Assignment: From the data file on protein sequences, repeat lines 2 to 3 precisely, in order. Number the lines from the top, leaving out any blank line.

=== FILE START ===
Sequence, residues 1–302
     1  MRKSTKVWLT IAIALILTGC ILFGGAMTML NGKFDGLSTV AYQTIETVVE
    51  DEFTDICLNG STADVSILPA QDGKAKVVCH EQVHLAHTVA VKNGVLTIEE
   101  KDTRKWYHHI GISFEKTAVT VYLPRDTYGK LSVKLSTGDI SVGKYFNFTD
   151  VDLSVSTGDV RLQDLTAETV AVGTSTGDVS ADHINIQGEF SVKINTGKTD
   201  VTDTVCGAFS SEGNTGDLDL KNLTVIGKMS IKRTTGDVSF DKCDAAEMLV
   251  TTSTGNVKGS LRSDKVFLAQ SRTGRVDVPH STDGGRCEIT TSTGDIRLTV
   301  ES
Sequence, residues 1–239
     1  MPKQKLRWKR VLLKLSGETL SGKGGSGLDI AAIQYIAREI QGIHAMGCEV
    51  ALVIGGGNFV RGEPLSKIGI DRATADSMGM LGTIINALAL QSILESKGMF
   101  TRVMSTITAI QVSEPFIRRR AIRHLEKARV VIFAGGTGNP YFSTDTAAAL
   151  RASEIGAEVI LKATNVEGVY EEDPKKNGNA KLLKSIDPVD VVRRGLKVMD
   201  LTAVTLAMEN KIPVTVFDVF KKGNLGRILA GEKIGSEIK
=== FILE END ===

     1  MRKSTKVWLT IAIALILTGC ILFGGAMTML NGKFDGLSTV AYQTIETVVE
    51  DEFTDICLNG STADVSILPA QDGKAKVVCH EQVHLAHTVA VKNGVLTIEE